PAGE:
At this time, medication choices for IBD patients may be dictated by insurance company’s preference for which medications to cover. As the FDA approval pathway is shorter for biosimilar products, the cost of making the biosimilar is less expensive. It is our hope that patients who choose to take biosimilars will benefit from these manufacturing cost savings through lower payments or co-pays/premiums and switching to biosimilars should result in less – not more out-of-pocket expenses.   

How are biosimilars named and labeled?

Biosimilars have trade names and suffixes that help differentiate them from the reference product. For example, the reference product infliximab (Remicade®) has a biosimilar medication named infliximab-dyyb (Inflectra®). Although you may not recognize the suffix, your healthcare provider and pharmacist can use this information to identify which biosimilar you are using. Some providers may refer to biosimilars as more of a group of biologics rather than a separate treatment option and you may hear the reference product named instead of your specific biosimilar during your medical visits. However, it's important for you and your healthcare team to know which version of the drug you are currently taking. This information should be clearly communicated and documented. 

Which biosimilars are approved to treat IBD?

The FDA has approved specific biosimilar medications for IBD, but not every approved biosimilar is available currently in the US market. Here is a list of the IBD biosimilars that are currently available to patients in the US: 

  • Infliximab-abda (Renflexis®) 

  • Infliximab-axxq  (Avsola™) 

  • Infliximab-dyyb (Inflectra®) 

To learn about all available biosimilars (including those not yet available in the US), visit the IBD Medication Guide. To find the latest information regarding recently approved treatments for IBD patients, please see Recently Approved Treatments.  

I just received a notification from my insurance company that they will no longer be covering my biologic medication and I will need to switch to a biosimilar. What questions should I ask my healthcare team?

If you received a change of medication notice from your insurance company, you probably have a lot of questions. Here are some questions to ask your healthcare team as well as your insurance company: 

  • Why is my treatment changing? 

  • When is this change going to take effect? 

  • What is the name of my new treatment? 

  • What can I expect with this change? 

  • Does this hospital/infusion center/medical group provide this treatment to patients? 

  • What is the expected cost of the new treatment? 

  • Can I receive co-pay assistance and support services if I switch to a biosimilar? 

  • Who do I contact if I have questions about medication administration? 

Can I appeal my insurance company’s decision?

It is understandable that you or your loved one may feel unsure about switching to biosimilars- especially if your current treatment plan is working. It is encouraged that you share your concerns with your healthcare provider and ask them about whether an appeal may be right for you. The appeals process can take time and may cause long delays that could impact your care. It is important that you speak with your healthcare team about how the process may affect your treatment plan and go over all possible options.  

For more information about insurance appeals please see What to do if denied coverage

How does the switch take effect?

Biosimilar medications are given using the same administration route as their reference product. Therefore, you should receive your treatment the same way you did before, i.e. infusion or injection. Talk to your healthcare provider if you have specific questions about how your treatment is administered.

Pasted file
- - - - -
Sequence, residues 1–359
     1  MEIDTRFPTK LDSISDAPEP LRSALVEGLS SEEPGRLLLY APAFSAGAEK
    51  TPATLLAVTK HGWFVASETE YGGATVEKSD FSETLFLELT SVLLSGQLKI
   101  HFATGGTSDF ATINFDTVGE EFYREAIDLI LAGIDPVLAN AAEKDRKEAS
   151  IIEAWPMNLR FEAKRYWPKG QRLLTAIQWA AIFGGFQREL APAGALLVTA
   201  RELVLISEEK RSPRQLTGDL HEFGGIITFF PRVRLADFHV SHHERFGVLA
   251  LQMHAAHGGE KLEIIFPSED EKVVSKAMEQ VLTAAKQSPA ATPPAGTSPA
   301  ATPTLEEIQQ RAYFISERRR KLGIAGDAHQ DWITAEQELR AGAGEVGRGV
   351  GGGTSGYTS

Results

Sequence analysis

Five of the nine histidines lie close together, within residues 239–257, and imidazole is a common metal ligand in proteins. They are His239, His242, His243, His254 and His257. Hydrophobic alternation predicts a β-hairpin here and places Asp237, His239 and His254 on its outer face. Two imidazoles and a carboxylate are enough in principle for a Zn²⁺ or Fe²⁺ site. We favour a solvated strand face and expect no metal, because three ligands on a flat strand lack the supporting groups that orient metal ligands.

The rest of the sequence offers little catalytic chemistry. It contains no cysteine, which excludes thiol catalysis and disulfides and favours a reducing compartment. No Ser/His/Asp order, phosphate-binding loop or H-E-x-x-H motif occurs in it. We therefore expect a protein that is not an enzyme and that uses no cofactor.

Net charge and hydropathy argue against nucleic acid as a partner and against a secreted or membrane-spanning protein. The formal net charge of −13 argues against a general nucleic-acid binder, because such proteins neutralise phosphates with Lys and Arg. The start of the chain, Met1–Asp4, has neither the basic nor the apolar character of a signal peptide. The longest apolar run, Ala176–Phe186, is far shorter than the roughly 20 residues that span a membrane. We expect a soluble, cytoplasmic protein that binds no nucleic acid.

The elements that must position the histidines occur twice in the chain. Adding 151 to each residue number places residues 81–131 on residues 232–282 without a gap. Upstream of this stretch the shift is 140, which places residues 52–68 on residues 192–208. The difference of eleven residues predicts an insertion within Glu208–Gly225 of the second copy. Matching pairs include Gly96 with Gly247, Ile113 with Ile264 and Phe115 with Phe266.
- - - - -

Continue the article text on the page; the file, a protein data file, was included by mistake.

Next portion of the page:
Is it safe to switch from one reference product to a biosimilar or from biosimilar to another biosimilar?

Several studies have demonstrated that a single switch from a reference product to a biosimilar or from a biosimilar to another biosimilar is acceptable. Studies on several switches (e.g., switching from a reference product to a biosimilar to another biosimilar or among biosimilars) are currently underway and thus far, appear to show comparable efficacy and safety. 

Are biosimilars safe for pediatric IBD patients?

Research shows that there is no meaningful difference in safety, efficacy, or quality between a reference product and its biosimilar for both adult and pediatric IBD patients. Overall, the use of biosimilars for treatment of pediatric IBD patients continues to need more research, as it has not been studied as much as within the adult IBD population. However, pediatric patients generally have a more severe disease presentation and poor prognosis. Therefore, the use of biosimilars and multiple switches should only be considered in pediatric patients who are in remission.  If you receive a notification from your insurance company about switching your child’s current medication to biosimilars, you should contact your child’s healthcare team to discuss further.  

Be Your Own biosimilar advocate 

You have the right to know about your available treatment options and to be involved in making decisions with your healthcare team.

The Crohn's & Colitis Foundation believes that patients and their doctors should work together when deciding which treatment to choose, and that no decision should be made by a pharmacist or medical insurance company without the consent of the patient and doctor. 

Resources on biosimilars

Visit the Foundation’s resources about IBD, medications, and insurance information: 

The FDA has several resources on biosimilars. 

    f you need more information, or can’t find what you are looking for, please reach out to the Crohn’s & Colitis Foundation’s IBD Help Center

     

    This program is generously supported, in part, by Amgen 

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    Biosimilars Position Statement

    Resource list

    Biosimilar Position Statement...

    Crohn's & Colitis Foundation's Biosimilar Position Statement